Chelsea didn’t there, much to their chagrin. That’s one of my all-time favorites from Mo, not least because it embodies his skill with that left foot, but also for Arlo White’s searing commentary and Jordan Henderson screaming: “What a goal! What a goal!” in the celebratory pile. There’s also a hilarious brief look of consternation on Salah’s face as he wonders how rough the celebration might get. You hear the Anfield roar. You get a glimpse of Klopp’s reaction. You see the King laughing and applauding in the stands. This is everything that makes Liverpool what it is. And it’s all started by our brilliant right winger.
Backups are a little sparser in this role. Again, when Origi comes on, you often see Mané switching to this side, since he’s almost as adept. We also have the great offensive presence of Trent Alexander-Arnold and Hendo on the right. But the person who should be the nailed-on replacement is Xherdan Shaqiri, as right wing has been his main role throughout his career. In ’18-’19, he seemed to be hitting his stride in the winter months, playing key minutes in a win over ManU and a couple other games. (Ahem.) But then he tailed off and was in absentia for most of last season. He’s had persistent injury troubles which explain some of it, but there are lingering stories about his inability to adapt to what Klopp wants to see on the pitch. Alex Oxlade-Chamberlain has also filled some time in this slot, but rarely has the same impact that he generates coming from midfield.
You’ll perhaps notice that I had only one “Further backups” section in this whole post, which highlights exactly the problem that most have been concerned about. We do have some depth, but it’s thin and, again, not really of the caliber that we’d hope to have in an overall team strategy based largely on aggressive offense (high defensive line, pressing, etc.)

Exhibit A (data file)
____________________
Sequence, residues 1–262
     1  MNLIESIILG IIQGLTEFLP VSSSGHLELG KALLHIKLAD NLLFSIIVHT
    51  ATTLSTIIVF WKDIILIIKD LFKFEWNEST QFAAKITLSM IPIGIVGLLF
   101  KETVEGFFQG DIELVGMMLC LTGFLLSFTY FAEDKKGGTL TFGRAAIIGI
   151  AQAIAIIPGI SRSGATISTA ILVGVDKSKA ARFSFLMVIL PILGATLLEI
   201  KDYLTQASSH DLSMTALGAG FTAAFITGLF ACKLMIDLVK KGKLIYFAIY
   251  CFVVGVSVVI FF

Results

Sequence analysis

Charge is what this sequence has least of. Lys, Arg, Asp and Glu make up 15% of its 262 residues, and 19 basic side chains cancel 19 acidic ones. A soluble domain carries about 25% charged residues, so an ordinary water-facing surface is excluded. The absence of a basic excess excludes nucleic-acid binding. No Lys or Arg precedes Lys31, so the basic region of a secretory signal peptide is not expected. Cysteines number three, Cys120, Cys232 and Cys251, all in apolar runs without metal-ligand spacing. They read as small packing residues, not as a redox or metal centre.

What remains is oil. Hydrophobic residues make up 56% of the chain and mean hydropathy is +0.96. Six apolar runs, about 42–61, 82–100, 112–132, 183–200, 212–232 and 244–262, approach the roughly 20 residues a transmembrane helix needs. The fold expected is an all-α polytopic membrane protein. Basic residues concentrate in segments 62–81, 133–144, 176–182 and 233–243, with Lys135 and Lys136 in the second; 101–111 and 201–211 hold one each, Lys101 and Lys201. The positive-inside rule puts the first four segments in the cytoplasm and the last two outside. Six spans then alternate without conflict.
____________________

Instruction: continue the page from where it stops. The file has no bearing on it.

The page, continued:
But, anyway, that’s the wrap on the squad for this coming year. The transfer window remains open until October 5th, so there may be introductions at some point, but it looks like we’re largely going into ’20-’21 with the same cast we had in ’18-’19. Since they’re all still pretty much in their primes (including James Milner, Robot Warrior, at 34), there’s nothing particularly wrong with that. Now it’s just a matter of maintaining consistency.
Speaking of the Robot Warrior, there was an amusing tweet going around last week that if Milner plays tomorrow against Leeds, he’ll have played in the last 31 Premier League games that Leeds United has had. My response to that club has also not deviated in the last 16 years: Fuck those guys. Back here Sunday.